The display cases of the Museum’s Renaissance Gallery now hold a new group of objects from the 16th and 17th centuries. Six works from the book collection amassed by Calouste Gulbenkian reflect the highly skilled book production taking place at the time.
As the printing press became more established in Europe, bookbinding workshops also became progressively more sophisticated. The strong eastern influence that was seen in books produced in the Republic of Venice was fundamental in the development of the book art of this period. Originating in Italy, as well as in France and Germany, these books constitute a diverse selection, ranging from Books of Hours to the poetry of Petrarch.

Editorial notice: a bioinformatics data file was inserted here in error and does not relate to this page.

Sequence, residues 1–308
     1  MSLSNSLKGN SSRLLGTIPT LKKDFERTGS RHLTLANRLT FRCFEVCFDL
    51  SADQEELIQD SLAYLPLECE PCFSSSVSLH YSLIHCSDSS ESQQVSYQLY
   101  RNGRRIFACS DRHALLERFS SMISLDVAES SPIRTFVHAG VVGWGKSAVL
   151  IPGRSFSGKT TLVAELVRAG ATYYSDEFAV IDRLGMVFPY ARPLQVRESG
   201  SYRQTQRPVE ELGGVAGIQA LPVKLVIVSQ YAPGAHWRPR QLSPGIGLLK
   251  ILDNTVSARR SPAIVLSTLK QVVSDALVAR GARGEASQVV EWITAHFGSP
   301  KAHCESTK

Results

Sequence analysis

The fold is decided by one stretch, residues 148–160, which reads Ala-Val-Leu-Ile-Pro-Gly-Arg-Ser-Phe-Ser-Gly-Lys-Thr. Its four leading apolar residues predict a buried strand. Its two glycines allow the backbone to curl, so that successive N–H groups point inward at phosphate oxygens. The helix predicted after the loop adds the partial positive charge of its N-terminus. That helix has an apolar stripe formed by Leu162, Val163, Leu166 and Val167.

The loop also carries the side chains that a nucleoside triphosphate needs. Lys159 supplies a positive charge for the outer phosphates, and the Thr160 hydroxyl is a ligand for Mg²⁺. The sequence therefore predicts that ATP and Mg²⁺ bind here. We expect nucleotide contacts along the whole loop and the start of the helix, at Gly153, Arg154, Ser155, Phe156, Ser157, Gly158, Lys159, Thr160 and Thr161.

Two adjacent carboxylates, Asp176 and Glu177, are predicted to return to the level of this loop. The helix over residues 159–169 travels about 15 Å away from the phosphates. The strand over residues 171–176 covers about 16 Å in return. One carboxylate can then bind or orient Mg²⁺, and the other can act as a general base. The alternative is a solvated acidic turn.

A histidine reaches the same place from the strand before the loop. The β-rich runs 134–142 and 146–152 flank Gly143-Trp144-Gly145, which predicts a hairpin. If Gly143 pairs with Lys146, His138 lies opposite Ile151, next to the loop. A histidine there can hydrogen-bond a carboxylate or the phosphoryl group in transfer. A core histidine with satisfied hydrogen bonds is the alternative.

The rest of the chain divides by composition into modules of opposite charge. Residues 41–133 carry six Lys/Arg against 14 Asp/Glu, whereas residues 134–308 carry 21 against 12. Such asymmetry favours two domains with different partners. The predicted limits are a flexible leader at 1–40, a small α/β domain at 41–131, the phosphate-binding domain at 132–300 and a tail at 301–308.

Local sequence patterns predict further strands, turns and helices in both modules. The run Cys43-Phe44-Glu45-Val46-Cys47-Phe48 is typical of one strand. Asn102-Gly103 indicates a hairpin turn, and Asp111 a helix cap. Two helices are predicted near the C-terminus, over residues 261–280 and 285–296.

The Republic of Venice, along with Florence and Genoa, was also one of the centres where Italian production of precious fabrics achieved unprecedented levels during this period. Due to their complex manufacturing processes, these fabrics became exclusive to a social and religious elite. This is the context in which the two chasubles now on display in the Museum were made. This liturgical accessory was worn only by priests for celebrating the mass and for this reason, it became a luxury item aimed at a niche within the clerical hierarchy. Velvet, a symbol of wealth and power, was one of the preferred fabrics used in its production.
On display, we also find a bas-relief depicting the angel Gabriel at the moment of the Annunciation. The dynamic nature of the figure already heralds the sense of movement that would later become fully established in the Baroque.